All employees have a preferred pace for action. Some like an extremely busy schedule and on the other extreme some like a more self-controlled schedule. When needed, if you can help the employee schedule their work, you’ll end up with more productive employees.
Let’s look at some examples. I’m sure you may recognize yourself and your employees. First there’s the individual that like a busy schedule, many definite things to do and opportunities to be physically involved in those activities. You probably know a few employees like this, you might actually be one yourself. When you ask them to join a meeting or go to lunch you get the “I’m way too busy,” but I’ll fit you in. They just can’t say no.
What’s the problem with a busy schedule? First it doesn’t allow time for reflection on your task, we all know the old saying” if we keep doing things the way we’ve always done them – we’ll get the same results we’ve always gotten”. These employees can be wasting their energy. Another problem that can be happening is the person is so “wired” to have a busy schedule they take on the work of others. We see this happening quiet a bit with “new” managers. They’re so anxious to prove themselves they are always saying, I’ll just do it myself. The biggest issue here is that, busy doesn’t equal productive. A manager with too busy a schedule has probably failed to delegate. So, how do we manage these individuals? Step one is to sit them down and find out exactly what they’re so busy doing? Is it all productive? Is it all within their job responsibility? I recently worked with a manage that when we looked into why she was “so” busy we found that she had very little confidence in her people, so she was doing their work. Our solutions was for her to take an evaluation of each of her direct reports and to replace those that she had been doing their work. We also went to work of her to dispel the thought that a very busy manager, subordinate or whomever doesn’t necessarily mean a productive employee.
On the other extreme we have the employee that likes a more relaxed and flexible schedule. They like to be in charge of their own scheduling and they like time to re-charge before taking on a new assignment. A big problem that happens in this situate I when the employee’s priorities don’t match the departments or managers requirements. Another issue that can arise is their need to over-emphasis on the planning phase of a project, or even putting things off. We all have our preferences of the work we enjoy so logically we’ll schedule that work if we can and this just might not be the “priority” work that needs to be scheduled. These individuals can cause a real issue in a fast-paced work environment. You know the ones—or maybe your one? The ones that announce I’ll get into it when I’m ready don’t hassle me. Management of these employees sometimes takes some hand-holding, we can let them schedule their work but ask to see what their schedule is and the allotted time for each task. Modify the schedule when needed.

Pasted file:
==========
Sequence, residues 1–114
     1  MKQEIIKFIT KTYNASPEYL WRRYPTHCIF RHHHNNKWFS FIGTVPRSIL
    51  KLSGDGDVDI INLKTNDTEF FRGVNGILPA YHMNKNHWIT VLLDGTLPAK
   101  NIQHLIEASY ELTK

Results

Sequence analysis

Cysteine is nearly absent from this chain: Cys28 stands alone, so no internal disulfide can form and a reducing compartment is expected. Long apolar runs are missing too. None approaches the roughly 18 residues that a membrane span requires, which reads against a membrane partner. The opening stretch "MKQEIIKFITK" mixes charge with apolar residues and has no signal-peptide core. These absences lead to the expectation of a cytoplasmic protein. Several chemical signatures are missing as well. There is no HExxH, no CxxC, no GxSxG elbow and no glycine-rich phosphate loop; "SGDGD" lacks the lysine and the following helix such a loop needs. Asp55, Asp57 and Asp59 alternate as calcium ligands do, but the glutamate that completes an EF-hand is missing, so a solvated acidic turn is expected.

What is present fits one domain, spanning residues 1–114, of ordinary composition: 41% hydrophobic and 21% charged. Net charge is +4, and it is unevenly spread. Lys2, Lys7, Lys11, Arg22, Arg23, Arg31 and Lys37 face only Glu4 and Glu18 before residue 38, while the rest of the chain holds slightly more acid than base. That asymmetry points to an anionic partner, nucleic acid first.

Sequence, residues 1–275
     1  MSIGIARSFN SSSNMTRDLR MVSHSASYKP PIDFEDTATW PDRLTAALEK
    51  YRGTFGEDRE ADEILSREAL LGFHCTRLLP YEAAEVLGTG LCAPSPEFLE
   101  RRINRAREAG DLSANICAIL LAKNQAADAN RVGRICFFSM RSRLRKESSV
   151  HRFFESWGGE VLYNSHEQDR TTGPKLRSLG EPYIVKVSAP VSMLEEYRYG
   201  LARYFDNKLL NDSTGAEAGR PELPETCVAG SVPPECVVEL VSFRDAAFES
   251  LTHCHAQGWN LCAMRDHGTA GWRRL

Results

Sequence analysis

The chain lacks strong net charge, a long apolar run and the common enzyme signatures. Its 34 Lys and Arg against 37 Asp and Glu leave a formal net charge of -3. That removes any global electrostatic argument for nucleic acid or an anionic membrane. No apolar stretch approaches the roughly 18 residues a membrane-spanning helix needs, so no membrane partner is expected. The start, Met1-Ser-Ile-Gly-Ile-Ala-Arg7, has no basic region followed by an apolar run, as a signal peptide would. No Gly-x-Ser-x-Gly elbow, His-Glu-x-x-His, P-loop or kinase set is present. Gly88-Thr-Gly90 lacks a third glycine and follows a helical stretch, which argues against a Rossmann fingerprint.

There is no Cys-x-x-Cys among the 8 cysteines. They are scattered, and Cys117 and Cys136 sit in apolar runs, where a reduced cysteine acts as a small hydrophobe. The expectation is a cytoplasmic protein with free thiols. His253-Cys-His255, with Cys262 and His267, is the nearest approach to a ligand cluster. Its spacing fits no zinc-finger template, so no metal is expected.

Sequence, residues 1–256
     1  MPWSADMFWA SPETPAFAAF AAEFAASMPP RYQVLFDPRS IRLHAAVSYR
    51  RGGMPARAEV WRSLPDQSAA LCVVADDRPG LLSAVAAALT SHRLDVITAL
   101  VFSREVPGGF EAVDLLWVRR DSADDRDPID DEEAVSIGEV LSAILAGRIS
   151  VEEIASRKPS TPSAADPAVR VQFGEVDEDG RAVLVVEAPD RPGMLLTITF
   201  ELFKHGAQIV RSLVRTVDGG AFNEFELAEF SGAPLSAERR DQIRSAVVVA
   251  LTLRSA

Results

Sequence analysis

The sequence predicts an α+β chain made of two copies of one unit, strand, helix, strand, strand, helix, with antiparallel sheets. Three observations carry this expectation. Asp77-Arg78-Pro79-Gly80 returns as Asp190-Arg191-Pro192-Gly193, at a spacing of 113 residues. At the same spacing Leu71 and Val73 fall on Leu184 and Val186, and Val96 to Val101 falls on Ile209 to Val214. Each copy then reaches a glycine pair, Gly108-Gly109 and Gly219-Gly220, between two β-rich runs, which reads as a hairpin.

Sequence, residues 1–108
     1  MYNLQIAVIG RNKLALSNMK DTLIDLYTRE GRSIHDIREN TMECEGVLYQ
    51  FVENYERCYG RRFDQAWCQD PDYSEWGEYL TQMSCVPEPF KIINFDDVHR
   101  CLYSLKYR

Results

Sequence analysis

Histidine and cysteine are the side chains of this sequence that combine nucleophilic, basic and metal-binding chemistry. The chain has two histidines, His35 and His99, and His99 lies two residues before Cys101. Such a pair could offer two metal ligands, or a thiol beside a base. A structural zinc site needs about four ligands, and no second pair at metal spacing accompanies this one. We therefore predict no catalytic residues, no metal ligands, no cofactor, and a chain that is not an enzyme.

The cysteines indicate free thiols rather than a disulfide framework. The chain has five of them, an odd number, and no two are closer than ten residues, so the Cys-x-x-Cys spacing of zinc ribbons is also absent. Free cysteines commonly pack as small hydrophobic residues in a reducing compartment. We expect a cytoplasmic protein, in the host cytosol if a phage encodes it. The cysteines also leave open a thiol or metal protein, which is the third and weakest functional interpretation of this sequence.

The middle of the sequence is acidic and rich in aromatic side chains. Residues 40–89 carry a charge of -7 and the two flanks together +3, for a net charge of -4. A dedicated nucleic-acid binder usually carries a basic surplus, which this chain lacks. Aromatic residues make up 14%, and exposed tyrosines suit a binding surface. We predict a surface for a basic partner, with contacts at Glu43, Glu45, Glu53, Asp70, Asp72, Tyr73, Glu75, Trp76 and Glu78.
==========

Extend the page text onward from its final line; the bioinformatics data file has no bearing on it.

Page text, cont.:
Out third example is that employee that falls in the middle, not a real busy schedule, yet not too much time unscheduled. This employee will take immediate and direct action when needed (think handling an irate customer) or is able to lay out a well thought out plan and schedule when required. This employee is a good prioritize. These employees can easily become your “A” employees. Allowing them to help in the scheduling of their activities gives them buy-in and the research shows that those employees can be the most productive.
So, how do you identify a person’s pace? There are three possible ways to identify these characteristics. One way is to simply ask the employee. A second way to identify a person’s pace is to have him or her take an assessment—a tool that can help identity their pace and the level of that pace. The third possibility and generally the hardest (but a lot of managers try this) is to simply observe this person’s behavior! Is she always “busy”? Is he always asking for some time to “think” it over? When a new task is brought to the department do, they immediately volunteer, or do they want to think about taking on the task?
Once you’ve addressed the employees and your own pace, you’ll end up with very desirable employees. Ones that are active, thoughtful, enthusiastic, and energized.